The bow weight isn’t as important as to draw weight, mind you.
The length of the bow should generally be twice as long as your draw length. If your draw length is 26 inches, you should get a recurve bow that’s 52 inches or longer.
The right arrows for you might take a little bit of trial and error. You should start with decent feeling arrows and experiment with other variations throughout your journey.
Recurve bows generally come with few accessories. Sometimes, it’s only the bow and string. However, a lot of models will offer more than that. You can find bow stringers, arrows, field tips, nocking points, and archery targets with your takedown bow.
Fortunately, if you don’t get those extra perks, you’ll find almost all of them on the market, sold separately. All you need to do is make sure they’re compatible with your bow.
The Best Draw Length for Your Bow
Draw length is one of the most important factors to find your hunting bow, so we needed to add a whole section to further explain the process of obtaining your measurement.
How to Measure Your Draw Length
We’ve mentioned earlier one method to measure your draw length. To be completely sure, you should use another method to verify that number.
Measure your arm span in inches and subtract 15 from it, then divide the product by 2. The average of both those methods will get you pretty close to the accurate measurement.
One final way to measure draw length is to use a yardstick and place its end on your chest. Extend your arms as far as you can and mark the reading you get at the end of your middle finger with the yardstick placed.
Why Does It Matter?
Forget what any archery instructor told you, there isn’t just one stance for hunting animals. Every archer has a unique structure with a unique shooting form that works best for them.
If the bow size or draw length is too small for you, you’ll find it impossible to hunt, and might be thrown off the game entirely.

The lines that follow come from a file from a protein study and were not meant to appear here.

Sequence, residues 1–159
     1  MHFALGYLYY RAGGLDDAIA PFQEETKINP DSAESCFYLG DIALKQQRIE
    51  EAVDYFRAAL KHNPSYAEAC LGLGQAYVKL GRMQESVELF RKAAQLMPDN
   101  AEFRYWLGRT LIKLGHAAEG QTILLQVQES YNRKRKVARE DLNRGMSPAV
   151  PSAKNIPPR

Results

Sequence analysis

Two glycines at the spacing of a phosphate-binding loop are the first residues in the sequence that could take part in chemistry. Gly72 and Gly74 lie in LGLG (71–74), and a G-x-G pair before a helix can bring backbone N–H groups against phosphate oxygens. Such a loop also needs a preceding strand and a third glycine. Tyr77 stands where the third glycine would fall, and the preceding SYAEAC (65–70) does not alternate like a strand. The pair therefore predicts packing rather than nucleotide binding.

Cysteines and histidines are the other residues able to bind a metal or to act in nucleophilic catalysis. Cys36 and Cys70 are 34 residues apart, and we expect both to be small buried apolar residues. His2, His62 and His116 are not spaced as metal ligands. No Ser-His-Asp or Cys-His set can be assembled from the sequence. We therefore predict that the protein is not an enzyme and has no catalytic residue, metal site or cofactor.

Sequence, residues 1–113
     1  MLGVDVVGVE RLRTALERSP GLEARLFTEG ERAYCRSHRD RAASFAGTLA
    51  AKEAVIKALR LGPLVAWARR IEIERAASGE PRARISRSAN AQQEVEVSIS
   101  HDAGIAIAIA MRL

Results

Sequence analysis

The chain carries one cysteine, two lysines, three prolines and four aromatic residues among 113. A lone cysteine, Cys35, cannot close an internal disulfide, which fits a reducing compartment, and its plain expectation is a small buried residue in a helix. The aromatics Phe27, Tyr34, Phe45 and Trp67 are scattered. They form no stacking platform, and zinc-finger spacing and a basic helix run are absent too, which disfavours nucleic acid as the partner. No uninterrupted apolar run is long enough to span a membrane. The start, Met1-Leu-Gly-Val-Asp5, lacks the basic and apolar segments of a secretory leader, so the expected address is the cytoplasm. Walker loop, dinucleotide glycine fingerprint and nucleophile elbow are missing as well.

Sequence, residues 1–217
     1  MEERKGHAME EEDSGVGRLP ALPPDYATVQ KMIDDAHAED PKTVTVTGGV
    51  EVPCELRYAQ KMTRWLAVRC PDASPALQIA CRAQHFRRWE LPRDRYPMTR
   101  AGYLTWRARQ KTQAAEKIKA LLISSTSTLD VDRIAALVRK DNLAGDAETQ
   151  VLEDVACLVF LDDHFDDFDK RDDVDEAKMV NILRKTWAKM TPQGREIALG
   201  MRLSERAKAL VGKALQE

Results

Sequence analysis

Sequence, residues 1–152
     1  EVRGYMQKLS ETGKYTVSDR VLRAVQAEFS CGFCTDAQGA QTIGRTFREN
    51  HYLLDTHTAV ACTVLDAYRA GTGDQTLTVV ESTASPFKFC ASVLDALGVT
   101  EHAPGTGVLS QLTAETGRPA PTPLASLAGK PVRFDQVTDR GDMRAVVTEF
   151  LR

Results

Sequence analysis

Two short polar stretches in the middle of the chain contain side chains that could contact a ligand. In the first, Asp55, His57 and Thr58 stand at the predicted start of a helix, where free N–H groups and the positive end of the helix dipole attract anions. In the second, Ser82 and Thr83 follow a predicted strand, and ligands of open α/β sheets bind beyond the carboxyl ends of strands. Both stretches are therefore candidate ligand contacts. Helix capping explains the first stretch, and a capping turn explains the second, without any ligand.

This is why you need to not only measure your draw length, but also determine which bow size suits you personally.
Shooting Your Recurve Bow
To correctly shoot a recurve bow, you’ll need to have 5 things set up. Each one plays an important role in the overall quality of your shot, and any small change can negatively affect your shooting.
To begin, assume the proper stance of shooting. Start with your legs positioned apart from each other, at a distance matching the width of your shoulders.
Place your hips and torso perpendicular to your target. If you’re a right-handed shooter, you should have your left hip pointing at your target, and vice versa. Make sure one foot is on either side of the shooting line. Right-handed shooters have their target on the left, left-handed shooters on the right.
Keep your body vertical, and have your dominant foot ahead from your other foot at a 45-degree angle to the shooting line.
Your head should be turned to the side where your target is, maintaining a clear vision of it at all times. Your body should always be perpendicular to the target.
Shoulders down and chest in. Don’t hunch your shoulders.